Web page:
and so we are able to sympathize with each other

and speak openly and honestly.


She said that her brother walked into church

in the middle of worship looking for her. 

He appeared agitated and was pacing back and forth. 

He was also wearing a coat. 

Now, two things happened at once. 

My friend knew that he probably wasn’t a danger to anyone. 

He didn’t own a gun to her knowledge, he never had. 

He was probably hungry and needed money.

He was looking for her because he needed some money.

She figured that if she just gave him some money

he would leave. 


But the second thing that was going on

in this hair-trigger and morally righteous world

is that the men in the church wanted

to protect the people in worship. 

What they saw walking into their house of worship

wasn’t a mentally ill brother of a member;

it was an agitated and ill-kempt man wearing a coat

and they didn’t know what he was hiding under that coat. 

And my friend said these men started patting their pockets

and their waists and everywhere

she knew they had concealed weapons on their bodies.

It was a recipe for disaster

if her brother had unwittingly made a wrong move

or one of our neighbors had overreacted.


We live in a hair-trigger world. 

And we live in a world where we are desperately

trying to be morally righteous. 

Somehow, we are going to have to find a way

to calm down enough

to avoid making some really bad mistakes

by getting in a hurry.


There really is only one morally right answer. 

It is God’s answer but to find that answer takes a long time.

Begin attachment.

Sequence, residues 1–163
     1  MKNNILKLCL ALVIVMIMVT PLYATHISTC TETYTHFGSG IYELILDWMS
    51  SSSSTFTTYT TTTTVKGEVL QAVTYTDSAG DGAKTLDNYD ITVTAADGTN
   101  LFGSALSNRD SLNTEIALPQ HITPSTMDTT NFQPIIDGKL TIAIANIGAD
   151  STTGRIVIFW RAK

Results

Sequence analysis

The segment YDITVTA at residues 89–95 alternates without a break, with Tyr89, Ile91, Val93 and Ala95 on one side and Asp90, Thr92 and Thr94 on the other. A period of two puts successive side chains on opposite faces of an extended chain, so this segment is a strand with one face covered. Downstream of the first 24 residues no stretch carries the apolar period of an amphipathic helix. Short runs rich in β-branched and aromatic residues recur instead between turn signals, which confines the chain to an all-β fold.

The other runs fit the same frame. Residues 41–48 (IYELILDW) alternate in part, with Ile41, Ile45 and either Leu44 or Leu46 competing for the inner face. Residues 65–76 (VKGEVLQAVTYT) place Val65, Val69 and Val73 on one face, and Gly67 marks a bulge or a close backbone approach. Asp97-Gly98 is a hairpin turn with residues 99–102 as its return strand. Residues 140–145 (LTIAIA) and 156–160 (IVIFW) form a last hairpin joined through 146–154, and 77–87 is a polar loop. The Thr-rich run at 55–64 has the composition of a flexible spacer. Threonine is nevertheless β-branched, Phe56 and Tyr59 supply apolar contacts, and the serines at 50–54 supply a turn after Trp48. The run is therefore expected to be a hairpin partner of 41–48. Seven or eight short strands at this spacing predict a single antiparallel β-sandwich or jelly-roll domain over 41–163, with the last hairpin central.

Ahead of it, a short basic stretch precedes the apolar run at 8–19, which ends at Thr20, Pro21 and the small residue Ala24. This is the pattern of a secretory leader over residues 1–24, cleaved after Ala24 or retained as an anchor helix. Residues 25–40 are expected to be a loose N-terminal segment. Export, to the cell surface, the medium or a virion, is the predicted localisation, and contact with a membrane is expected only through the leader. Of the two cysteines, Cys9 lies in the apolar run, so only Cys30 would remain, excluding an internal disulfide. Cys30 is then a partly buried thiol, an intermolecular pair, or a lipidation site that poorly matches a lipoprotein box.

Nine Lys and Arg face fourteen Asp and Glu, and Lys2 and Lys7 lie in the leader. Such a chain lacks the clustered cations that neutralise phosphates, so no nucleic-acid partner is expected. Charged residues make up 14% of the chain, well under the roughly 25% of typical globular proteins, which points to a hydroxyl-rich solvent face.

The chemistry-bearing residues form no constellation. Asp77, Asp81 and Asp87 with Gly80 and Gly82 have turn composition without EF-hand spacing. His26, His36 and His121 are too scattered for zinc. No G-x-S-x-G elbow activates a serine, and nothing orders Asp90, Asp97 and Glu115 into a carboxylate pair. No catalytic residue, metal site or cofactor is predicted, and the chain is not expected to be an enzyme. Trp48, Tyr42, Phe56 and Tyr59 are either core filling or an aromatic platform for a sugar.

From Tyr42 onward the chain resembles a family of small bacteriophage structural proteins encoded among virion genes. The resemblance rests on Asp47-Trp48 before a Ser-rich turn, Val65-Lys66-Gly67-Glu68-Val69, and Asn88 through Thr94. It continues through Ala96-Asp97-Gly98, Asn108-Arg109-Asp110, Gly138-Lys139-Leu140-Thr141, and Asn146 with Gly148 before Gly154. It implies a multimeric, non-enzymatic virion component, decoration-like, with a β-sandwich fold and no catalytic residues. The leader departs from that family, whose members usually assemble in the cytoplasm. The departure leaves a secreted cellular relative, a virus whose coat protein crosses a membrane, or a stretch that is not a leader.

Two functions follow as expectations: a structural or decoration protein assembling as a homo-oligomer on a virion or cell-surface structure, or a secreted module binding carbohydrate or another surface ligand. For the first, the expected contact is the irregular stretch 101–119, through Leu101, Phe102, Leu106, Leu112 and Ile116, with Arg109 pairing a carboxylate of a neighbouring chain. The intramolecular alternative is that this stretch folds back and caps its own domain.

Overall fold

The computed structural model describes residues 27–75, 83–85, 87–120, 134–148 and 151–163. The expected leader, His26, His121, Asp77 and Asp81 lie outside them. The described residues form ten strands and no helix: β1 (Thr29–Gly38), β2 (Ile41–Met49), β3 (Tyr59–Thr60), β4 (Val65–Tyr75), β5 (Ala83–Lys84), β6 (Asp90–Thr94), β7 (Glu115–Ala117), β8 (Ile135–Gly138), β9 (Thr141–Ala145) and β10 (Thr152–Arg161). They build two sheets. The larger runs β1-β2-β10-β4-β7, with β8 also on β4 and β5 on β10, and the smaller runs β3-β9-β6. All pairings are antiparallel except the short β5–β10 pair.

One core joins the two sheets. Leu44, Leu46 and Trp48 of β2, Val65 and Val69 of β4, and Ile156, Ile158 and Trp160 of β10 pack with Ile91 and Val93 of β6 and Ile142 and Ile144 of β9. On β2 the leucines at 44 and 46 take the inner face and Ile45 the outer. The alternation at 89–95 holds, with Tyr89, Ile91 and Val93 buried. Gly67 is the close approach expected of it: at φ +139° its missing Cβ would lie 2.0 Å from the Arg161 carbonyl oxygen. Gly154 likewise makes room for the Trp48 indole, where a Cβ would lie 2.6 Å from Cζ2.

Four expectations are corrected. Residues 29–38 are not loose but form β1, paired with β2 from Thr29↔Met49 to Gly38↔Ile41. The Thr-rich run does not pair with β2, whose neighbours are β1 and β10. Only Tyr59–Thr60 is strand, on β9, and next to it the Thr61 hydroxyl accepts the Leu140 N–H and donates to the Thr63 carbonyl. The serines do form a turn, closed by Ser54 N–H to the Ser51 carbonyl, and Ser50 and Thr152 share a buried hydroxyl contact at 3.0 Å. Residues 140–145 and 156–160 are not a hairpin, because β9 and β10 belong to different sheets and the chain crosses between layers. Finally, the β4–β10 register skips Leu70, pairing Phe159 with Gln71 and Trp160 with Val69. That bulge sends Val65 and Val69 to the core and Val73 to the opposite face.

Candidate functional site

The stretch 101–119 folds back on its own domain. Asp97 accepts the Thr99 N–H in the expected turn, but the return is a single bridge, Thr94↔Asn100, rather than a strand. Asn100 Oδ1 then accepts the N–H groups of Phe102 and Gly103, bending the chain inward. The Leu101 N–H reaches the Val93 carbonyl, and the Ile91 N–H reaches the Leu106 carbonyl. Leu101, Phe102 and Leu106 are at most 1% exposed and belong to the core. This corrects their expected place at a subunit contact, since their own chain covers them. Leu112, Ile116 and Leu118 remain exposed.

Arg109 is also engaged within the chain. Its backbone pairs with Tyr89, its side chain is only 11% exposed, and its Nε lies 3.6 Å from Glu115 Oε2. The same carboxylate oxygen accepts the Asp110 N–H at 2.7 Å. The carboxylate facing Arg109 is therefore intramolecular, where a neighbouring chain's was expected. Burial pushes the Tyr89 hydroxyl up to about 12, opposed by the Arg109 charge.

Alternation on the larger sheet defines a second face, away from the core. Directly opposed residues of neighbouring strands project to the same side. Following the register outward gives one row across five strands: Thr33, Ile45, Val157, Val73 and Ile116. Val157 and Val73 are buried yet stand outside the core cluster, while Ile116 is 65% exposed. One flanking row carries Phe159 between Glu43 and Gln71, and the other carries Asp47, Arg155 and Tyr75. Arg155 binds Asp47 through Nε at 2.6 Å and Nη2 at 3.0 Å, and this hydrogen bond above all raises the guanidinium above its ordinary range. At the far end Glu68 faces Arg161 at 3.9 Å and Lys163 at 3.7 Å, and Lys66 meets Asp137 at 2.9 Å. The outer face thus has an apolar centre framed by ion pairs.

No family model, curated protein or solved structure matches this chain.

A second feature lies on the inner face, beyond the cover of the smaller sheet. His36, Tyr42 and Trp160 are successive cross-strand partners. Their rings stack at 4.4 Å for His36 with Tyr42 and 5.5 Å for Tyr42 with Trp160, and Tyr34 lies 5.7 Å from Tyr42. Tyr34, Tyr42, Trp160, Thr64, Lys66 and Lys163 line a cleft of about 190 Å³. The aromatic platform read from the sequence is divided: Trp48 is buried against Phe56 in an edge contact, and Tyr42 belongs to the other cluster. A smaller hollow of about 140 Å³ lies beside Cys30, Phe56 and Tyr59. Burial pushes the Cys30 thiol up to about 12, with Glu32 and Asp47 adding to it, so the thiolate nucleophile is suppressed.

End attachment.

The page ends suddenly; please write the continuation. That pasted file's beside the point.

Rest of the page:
I have been driving past the same mountains in Guatemala

for twenty years and even with road clearing equipment

the mountains are still there. 

John tells us that every mountain will be made low

but he doesn’t say how long it will take. 

I get in a hurry sometimes because I know that God has eternity

and think that I have only my own lifetime to see things unfold the way I want to see them happen.

And I get really frustrated. 

You know what I need?

I need Peace.


I just spent the weekend at a Spiritual Retreat at Gilmont.


 The focus of the weekend was Peace. 


One of the last exercises was to write a poem

answering the question:


“Where am I yearning for peace?

How might peace be invited in?

And where is Christ in the midst of the space?” 


Here’s my poem:


A deeply divided family of brothers and sisters

sit and argue without thinking how much harm

they are doing to their children and the world.

And how much they actually love each other.


Christ invites each one of them to supper with him

And they come

Each one thinking he loves them best


Before the meal he washes their feet

Then they eat from the same loaf

And drink from the same cup

And they are united once more.


Now that might sound like a simple little poem. 

But don’t be fooled by communion. 

In some cultures they call it a Fiesta—a party! 

A Feast! 

In a few minutes we will partake in a feast

prepared by Christ himself –

a feast laid out 2,000 years ago that still hasn’t ended yet. 

The table is STILL set for us. 

Christ is STILL the host. 

All is ready for us. 

All that remains is for us to receive the gift with joy. 

Let us begin our celebration with hymn #514….

 “Let Us Talents and Tongues Employ”